Somewhere between London, Italy and Goa – with thanks to Caecilie Vieth Vad, our Danish guest editor
When I wrote to Caterina in November last year, enquiring about what she was up to, little did I know that it would lead to a tropical adventure in the South Indies on the ‘Restorers without Frontiers’ conservation project. Her reply came promptly with “Can you come to Goa?” What could I do other than say yes!
The London School of Picture and Frame Conservation was for ten months the one day a week where I would go for this wonderful escape into another world, discovering the secrets of paintings and treasures of materials. The classes with Elizabeth and Caterina introduced me to the field of conservation, which now I am studying at university in Copenhagen. I knew the time spent with them in Goa would be very educational – and demanding.
After a 20 hours journey, I arrived in Dabolim Airport 6.30 in the morning, local time. I was picked up by a driver and taken to the nearby Coconut Creek Resort to meet Elizabeth and Sebastian. On the way my mind already filled up with impressions of India; sacred cows, goats and pigs on the road, scooters, palm trees, vibrating colours and endless masses of litter. After a nourishing breakfast and a refreshing walk to the palm beach accompanied by Elizabeth, Christopher came to pick us up to go the Rachol Seminary – from that point on it was hard labour the rest of the week, as has been described in the blog over the past days.
Helping on the project of restoring the impressive portrait of King Sebastian at Rachol has been a true experience; enlightening and might I say at times chaotic. I would try to recall the lessons in London, while keeping focus on the work to be done. Doing notes for future reference and keeping all the information straight. Piero and Caterina would be communicating in Italian, which would continue in the dining room with the fathers, who of course all spoke the language beautifully. This was mixed with enthusiastic conversation between the local students shifting between Konkani and English. The sheer volume of information during the first days let me lie in bed with my head buzzing with all the noise and impressions accumulated through the day,
The relining of King Sebastian has been backbreaking, tedious work – but whenever I took a moment to lift my head up from my working position on the floor, and look to the view of the surrounding palm trees and the blue sky, I was reminded of the blessing it is to work in such a beautiful location as Rachol.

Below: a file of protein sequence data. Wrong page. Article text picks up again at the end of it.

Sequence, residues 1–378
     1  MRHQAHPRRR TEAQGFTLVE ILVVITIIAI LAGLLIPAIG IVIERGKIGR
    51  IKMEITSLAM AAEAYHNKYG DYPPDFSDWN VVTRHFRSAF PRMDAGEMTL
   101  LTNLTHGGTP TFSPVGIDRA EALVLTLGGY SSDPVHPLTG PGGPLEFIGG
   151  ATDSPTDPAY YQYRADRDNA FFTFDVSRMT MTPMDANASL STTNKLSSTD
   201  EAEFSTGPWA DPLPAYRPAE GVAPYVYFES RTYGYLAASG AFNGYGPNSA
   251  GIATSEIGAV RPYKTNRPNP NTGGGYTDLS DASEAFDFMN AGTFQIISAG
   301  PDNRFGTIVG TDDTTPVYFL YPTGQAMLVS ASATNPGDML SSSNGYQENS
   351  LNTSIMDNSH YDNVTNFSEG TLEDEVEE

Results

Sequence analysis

Everybody at the Seminary has been truly welcoming and generous in taking care of us, and making us feel at home. Everywhere I went in the Seminary I was met with a smile. Coming from a Scandinavian Protestant background, I have learned a great deal of the Catholic faith and its current state in today’s Goa. The kitchen at Rachol introduced me to delicious local food, which was generously served three times a day, and I have learned that I quite like having dahl for breakfast, and cumin tea with my dinner.
I have had the pleasure of working side by side with Caterina, Piero and Elizabeth for a full week. Their commitment and love for the conservation field is unmistakable, and they leave you working harder and wanting to give it your best. The Goan students are a wonderful group, and the whole room fills up with energy on their arrival. I am blown away by their commitment to the course and admire there honest and open approach to this project. I have a great deal to learn from them.
Christopher and Caterina are admiringly working nonstop, and I want to say a deep felt thank you for letting me tag along on this educational adventure. I had not been able to imagine all the wonderful experiences I have gathered already – let alone thought that I would be invited to dine at the Archbishop’s House with His Grace, Archbishop Filipe Neri Ferrão, Patriarch of the East Indies, on his birthday this past Friday evening.
Needless to say, I look very much forward to see what the next week will bring.